The father of Alexander the Great, Philip of Macedon, was assassinated when Alexander was only 16, in 336 BC. In 334 BC Alexander set off on his campaign of conquest. By 324 Alexander had conquered not only Persia, but many of the tribes of the Scythians as far east as to the north of the Indus and Ganges Rivers. By 323, Alexander had returned to Babylon, where he evidently died from poisoning. So as soon as he was secure in his empire, and had conquered more territory than the Persians themselves had ever possessed, Alexander was dead, just as we read in the very next verse of Daniel chapter 8 where it says: “8 Therefore the he goat waxed very great: and when he was strong, the great horn was broken; and for it came up four notable ones toward the four winds of heaven.”
Alexander had left a wife and son behind in Macedonia, but the son never inherited any of his father’s empire. Rather, his empire was divided into four pieces by his generals, something which is described in detail in the pages of the Greek historian Diodorus Siculus. These circumstances fulfilled with great precision what Daniel had prophesied in chapter 11 where he said: “3 And a mighty king shall stand up, that shall rule with great dominion, and do according to his will. 4 And when he shall stand up, his kingdom shall be broken, and shall be divided toward the four winds of heaven; and not to his posterity, nor according to his dominion which he ruled: for his kingdom shall be plucked up, even for others beside those.”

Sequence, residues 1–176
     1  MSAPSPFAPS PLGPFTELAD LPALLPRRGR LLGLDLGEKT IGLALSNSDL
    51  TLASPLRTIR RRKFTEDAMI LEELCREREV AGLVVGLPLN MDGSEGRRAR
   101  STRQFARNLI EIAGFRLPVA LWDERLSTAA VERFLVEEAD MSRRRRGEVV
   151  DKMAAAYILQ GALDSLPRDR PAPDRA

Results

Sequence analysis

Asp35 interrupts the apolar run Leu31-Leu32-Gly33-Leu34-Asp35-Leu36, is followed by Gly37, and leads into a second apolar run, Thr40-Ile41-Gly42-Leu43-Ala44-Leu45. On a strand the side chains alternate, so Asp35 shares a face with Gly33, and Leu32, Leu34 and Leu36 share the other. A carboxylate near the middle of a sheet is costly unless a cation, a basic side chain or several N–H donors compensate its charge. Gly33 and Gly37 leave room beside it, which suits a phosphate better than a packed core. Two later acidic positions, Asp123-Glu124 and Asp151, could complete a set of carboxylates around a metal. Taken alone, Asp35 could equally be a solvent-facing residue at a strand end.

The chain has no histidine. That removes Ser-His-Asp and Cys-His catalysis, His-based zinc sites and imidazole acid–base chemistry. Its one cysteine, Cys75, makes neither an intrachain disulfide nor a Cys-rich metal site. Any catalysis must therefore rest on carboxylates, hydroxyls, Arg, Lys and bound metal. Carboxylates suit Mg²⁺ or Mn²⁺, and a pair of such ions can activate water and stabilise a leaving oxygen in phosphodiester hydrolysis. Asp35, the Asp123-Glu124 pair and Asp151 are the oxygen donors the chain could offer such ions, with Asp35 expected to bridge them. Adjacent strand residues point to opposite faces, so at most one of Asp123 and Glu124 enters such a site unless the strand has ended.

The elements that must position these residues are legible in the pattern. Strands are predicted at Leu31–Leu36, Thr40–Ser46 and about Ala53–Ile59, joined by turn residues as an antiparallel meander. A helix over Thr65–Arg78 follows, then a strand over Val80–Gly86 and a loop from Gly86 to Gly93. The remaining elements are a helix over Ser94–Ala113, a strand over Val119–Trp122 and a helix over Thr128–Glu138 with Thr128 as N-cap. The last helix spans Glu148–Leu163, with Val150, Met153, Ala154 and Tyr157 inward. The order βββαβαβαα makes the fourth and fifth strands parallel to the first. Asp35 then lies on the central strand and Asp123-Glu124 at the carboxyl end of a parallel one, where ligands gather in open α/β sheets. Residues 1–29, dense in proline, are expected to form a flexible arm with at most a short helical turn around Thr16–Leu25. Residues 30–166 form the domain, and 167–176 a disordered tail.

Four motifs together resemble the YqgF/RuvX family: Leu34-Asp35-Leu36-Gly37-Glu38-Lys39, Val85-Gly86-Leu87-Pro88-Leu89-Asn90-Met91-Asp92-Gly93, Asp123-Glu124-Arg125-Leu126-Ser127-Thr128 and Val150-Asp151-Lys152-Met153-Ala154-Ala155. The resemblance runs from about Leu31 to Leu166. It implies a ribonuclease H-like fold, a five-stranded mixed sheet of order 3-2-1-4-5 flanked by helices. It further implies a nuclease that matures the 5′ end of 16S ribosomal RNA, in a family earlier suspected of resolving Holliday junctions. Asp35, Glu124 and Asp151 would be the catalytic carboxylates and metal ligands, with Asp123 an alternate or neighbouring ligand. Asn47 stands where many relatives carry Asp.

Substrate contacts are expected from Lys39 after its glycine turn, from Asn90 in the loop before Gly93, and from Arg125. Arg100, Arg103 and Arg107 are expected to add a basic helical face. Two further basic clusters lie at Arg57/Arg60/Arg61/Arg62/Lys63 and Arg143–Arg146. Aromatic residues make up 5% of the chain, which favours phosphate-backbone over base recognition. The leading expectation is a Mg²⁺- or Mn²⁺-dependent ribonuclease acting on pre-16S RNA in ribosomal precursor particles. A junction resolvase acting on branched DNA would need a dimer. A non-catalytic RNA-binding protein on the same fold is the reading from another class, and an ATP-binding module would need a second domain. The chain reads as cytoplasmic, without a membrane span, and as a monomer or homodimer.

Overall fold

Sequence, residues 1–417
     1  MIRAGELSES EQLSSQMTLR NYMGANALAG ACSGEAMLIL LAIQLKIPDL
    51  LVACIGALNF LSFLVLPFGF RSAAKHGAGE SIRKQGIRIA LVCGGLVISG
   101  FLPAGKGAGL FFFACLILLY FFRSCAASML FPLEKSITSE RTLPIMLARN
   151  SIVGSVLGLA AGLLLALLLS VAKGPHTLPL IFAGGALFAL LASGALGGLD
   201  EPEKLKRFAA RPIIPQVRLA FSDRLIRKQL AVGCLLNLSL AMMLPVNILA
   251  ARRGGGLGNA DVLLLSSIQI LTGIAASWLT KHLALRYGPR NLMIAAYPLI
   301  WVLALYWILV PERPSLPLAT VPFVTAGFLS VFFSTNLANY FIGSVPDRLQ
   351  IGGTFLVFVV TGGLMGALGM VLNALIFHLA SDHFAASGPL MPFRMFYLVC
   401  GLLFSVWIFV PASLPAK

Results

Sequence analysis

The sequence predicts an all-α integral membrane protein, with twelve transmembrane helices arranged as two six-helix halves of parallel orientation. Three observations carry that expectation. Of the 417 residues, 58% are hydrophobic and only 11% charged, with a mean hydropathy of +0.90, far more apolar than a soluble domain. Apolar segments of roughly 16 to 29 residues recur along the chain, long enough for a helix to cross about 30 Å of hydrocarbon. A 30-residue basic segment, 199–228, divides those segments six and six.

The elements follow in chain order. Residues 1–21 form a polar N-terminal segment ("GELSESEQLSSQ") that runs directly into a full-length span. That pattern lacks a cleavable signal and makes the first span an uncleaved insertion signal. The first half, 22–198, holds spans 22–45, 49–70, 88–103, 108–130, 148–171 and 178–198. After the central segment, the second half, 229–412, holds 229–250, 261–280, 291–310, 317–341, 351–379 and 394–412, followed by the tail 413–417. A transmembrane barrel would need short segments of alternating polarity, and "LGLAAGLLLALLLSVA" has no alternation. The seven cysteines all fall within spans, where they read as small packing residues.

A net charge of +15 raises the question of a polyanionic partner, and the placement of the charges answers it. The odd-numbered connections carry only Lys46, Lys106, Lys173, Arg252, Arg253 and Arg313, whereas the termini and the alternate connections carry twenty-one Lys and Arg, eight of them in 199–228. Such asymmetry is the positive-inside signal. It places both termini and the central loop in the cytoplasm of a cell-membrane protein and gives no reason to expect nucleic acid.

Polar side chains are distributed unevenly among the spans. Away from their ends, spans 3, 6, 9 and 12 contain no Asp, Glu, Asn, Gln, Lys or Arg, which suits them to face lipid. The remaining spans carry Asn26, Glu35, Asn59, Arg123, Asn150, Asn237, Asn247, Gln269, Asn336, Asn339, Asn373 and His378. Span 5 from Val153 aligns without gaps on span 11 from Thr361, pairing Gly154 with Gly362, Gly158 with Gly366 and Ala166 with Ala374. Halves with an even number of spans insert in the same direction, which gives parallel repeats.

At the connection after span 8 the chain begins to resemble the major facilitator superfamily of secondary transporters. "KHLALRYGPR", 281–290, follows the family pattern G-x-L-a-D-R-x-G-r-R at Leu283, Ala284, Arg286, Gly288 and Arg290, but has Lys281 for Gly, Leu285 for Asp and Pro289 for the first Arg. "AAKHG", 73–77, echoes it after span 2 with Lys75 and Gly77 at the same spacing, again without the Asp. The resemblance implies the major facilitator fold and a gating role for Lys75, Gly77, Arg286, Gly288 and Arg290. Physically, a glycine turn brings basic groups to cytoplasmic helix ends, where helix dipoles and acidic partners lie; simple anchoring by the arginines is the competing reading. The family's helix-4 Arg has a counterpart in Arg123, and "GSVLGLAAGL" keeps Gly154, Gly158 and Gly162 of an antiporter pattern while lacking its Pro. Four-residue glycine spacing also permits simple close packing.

So here also, in Daniel chapter 8, it says that when the great horn, Alexander himself, was broken that “it came up four notable ones toward the four winds of heaven.” By this also we see that these visions in Daniel chapters 8 and 11 are indeed describing the same phenomenon which would appear in history at some point future to Daniel’s time, after the time when Xerxes had made war “against the realm of Grecia.”